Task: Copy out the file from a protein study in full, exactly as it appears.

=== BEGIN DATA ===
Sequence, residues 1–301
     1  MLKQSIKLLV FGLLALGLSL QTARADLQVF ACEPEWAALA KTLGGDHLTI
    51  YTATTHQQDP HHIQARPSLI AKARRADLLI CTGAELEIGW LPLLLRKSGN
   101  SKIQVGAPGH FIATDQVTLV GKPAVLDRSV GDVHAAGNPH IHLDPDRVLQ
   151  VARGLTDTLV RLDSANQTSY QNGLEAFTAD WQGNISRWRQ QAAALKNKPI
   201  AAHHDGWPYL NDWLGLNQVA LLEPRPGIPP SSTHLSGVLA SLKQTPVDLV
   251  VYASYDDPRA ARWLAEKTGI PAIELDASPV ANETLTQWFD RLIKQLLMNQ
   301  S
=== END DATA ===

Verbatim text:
Sequence, residues 1–301
     1  MLKQSIKLLV FGLLALGLSL QTARADLQVF ACEPEWAALA KTLGGDHLTI
    51  YTATTHQQDP HHIQARPSLI AKARRADLLI CTGAELEIGW LPLLLRKSGN
   101  SKIQVGAPGH FIATDQVTLV GKPAVLDRSV GDVHAAGNPH IHLDPDRVLQ
   151  VARGLTDTLV RLDSANQTSY QNGLEAFTAD WQGNISRWRQ QAAALKNKPI
   201  AAHHDGWPYL NDWLGLNQVA LLEPRPGIPP SSTHLSGVLA SLKQTPVDLV
   251  VYASYDDPRA ARWLAEKTGI PAIELDASPV ANETLTQWFD RLIKQLLMNQ
   301  S